Elton John Record Collection Reveals Hidden Treasures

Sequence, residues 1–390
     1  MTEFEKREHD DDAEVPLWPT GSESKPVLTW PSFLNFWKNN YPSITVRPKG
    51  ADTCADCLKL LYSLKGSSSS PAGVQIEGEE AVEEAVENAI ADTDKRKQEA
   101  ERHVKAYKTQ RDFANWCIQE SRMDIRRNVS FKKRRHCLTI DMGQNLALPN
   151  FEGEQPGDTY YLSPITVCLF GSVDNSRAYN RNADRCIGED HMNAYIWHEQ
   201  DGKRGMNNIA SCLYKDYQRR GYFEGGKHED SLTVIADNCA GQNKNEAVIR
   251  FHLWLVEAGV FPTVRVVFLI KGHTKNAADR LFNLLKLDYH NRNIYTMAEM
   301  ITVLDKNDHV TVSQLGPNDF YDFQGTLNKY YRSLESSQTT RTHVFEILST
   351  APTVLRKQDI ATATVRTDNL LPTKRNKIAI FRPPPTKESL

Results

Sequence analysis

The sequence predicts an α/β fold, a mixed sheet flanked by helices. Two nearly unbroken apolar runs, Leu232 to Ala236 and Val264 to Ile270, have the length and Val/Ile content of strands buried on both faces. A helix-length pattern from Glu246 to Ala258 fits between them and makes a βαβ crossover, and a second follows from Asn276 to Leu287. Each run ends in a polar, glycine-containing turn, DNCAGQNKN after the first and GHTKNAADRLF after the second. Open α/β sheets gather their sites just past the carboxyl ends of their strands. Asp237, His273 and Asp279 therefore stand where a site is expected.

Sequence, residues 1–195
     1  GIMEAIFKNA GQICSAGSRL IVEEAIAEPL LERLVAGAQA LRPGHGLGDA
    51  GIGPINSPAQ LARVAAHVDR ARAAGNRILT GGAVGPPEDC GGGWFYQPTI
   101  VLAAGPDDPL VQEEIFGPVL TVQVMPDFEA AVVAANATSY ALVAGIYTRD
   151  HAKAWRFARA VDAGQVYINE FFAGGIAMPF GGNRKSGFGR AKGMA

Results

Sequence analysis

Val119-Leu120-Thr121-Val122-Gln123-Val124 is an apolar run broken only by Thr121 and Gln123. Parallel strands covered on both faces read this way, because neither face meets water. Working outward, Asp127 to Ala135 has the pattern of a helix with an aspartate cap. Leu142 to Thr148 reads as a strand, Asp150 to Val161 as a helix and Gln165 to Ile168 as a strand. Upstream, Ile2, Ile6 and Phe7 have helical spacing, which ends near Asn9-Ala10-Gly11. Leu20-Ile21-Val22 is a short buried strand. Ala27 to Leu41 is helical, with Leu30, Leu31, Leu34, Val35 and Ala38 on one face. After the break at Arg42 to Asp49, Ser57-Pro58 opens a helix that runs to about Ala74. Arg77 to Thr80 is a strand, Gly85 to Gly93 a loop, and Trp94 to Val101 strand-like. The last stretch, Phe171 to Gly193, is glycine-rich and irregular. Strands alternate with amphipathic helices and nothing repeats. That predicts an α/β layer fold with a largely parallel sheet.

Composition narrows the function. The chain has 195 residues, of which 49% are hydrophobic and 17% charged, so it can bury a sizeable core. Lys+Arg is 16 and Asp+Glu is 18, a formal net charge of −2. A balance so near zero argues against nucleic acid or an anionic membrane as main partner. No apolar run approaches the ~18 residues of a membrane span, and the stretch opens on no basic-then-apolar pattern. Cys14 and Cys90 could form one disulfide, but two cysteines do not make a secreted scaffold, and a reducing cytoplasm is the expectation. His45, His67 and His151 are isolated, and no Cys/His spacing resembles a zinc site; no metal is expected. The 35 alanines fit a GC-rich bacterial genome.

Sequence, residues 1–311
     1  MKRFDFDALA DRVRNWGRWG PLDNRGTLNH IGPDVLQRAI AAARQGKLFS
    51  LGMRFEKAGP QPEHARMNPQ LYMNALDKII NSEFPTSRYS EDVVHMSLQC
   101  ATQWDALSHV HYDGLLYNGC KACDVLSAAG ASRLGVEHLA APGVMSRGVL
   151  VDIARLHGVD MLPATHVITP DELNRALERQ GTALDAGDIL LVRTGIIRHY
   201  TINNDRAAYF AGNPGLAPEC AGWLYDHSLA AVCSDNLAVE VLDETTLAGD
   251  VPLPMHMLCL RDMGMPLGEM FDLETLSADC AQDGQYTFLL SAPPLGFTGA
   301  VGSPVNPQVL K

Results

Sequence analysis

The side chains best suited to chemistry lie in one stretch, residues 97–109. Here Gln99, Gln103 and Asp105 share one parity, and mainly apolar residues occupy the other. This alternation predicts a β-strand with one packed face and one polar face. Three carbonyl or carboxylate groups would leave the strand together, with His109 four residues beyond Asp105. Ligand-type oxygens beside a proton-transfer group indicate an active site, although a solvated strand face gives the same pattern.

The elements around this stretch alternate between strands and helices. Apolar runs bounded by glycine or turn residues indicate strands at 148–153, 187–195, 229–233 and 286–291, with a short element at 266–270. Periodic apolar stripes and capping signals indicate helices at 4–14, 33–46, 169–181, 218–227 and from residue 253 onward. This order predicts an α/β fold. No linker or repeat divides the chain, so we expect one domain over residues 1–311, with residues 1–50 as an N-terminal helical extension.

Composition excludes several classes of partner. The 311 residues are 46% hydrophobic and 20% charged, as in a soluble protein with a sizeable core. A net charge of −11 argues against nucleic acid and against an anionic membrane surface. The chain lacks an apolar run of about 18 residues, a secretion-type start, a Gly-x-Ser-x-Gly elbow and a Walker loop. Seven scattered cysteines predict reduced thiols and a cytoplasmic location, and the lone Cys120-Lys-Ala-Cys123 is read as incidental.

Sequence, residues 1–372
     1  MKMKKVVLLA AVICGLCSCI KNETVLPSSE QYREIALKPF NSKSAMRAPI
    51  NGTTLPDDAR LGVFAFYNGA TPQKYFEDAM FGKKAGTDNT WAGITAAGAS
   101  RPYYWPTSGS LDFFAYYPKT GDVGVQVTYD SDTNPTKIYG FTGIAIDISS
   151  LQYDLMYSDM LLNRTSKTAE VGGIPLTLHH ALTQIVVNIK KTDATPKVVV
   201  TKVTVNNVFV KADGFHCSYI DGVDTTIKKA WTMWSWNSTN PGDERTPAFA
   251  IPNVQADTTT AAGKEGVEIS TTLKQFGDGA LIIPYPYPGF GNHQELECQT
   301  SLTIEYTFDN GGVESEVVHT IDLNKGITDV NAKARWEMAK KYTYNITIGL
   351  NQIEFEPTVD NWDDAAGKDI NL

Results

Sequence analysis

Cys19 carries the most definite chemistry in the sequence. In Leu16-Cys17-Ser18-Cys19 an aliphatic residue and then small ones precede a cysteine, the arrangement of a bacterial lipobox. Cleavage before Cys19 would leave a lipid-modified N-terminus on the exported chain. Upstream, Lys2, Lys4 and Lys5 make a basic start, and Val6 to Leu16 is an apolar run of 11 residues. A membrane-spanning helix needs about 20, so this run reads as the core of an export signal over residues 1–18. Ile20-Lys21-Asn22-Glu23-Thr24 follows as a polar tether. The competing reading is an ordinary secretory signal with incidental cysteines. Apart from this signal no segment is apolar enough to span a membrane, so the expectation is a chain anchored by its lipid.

PATRICK & PATRICK CPA'S ELTON JOHN RECORD COLLECTIONJeanine T. Patrick, of Patrick & Patrick CPA’s reveals that twenty years after Sir Elton John sold his record collection at a Sotheby’s auction to raise funds for his Aids Charity, a thorough inventory has uncovered that not only is the Collection much larger than originally expected but a wealth of surprising treasures have been unearthed.The Elton John Collection, sold by the artist to fund his Aids Charity, was originally believed to consist of 50,000 items. In actuality, the personal collection, which the artist enhanced with the purchase of legendary BBC Producer, Bernie Andrews personal collection; contains more than 70,000 items consisting of singles, albums, 8 track cassettes, compact discs and unique studio tapes.The Collection was created from the artist’s prolific personal record purchasing, personal gifts and material from his record company Rocket Records. Especially notable are singles from his youth, signed as Reg Dwight and in sleeves he customized with newspaper and magazine clippings from artists of the time.”The richness of the collection clearly reflects a passion and curiosity for all genres of music. It is not only comprehensive, but arguably a definitive portrait of the 50’s through the 80’s and possesses an enduring value and importance. With the Collection’s rarities, unique editions and historical releases, I can’t imagine there is another collection quite like it in the world,” said Stephen M. H. Braitman of musicappraisals.com, the Collection’s appraiser.Unlocking a Historical Collection’s SecretsJeanine Patrick, of Patrick and Patrick CPA’s, was tasked with valuing the Collection, which arrived with minimal accompanying data, making a full inventory essential. So why did that take 20 years?Patrick explains: “Evaluating a collection of this size and historical significance is not something that’s embarked on easily. Along with the necessary security requirements it is cumbersome, risky and labor intensive, and you can easily spend more on it than a collection is worth. Over the past two decades, I investigated many solutions that were simply unfeasible, flawed, high-risk or cost prohibitive, or all of the above.”That all changed when a discussion with a business associate resulted in an ingenious solution. Creativity, teamwork and completely throwing away all conventions of how to inventory a collection saw them develop a system that began a modern day treasure hunt. Their solution, I-Stream, has created a complete visual’virtual collection’ that is accessible on the client’s desktop. The I-Stream process integrates asset protection, security protocols, layered processing and allows for remote live monitoring of the inventorying process in a fast, affordable, reliable and accurate way.Patrick explains: “Being able to literally view the items brings the collection to life and also offers detail that cannot be accessed via a simple data inventory sheet. To see the quality of an item on screen and actually read a sleeve note or a signature is unbelievably exciting.”From a business feasibility perspective, I-Stream allowed Patrick to provide an inventory and valuation in record time. And the process laid bare unexpected and previously undocumented rarities, such as 30 year old studio reel to reel tapes of rough mixes and copies of Elton John’s studio sessions.Leveraging the archival expertise of Abbey Road Studios, the team at I-Stream, transferred the reel to reel content into studio quality digital files to be stored with the Collection, and created MP3 copies, which can be played on the virtual collection software.Appraiser Stephen Braitman suggests: “The ability to manipulate, manage and catalog such a robust collection and make it accessible to archivists, scholars and collectors for further study and discography will be invaluable to pop historians. This collection is of profound historical significance. As a collector, I am insanely jealous to find so many of the touchstones of music history and its legacy in one collection. This work also begs another question: What other uncovered treasures are hidden in unevaluated collections? “

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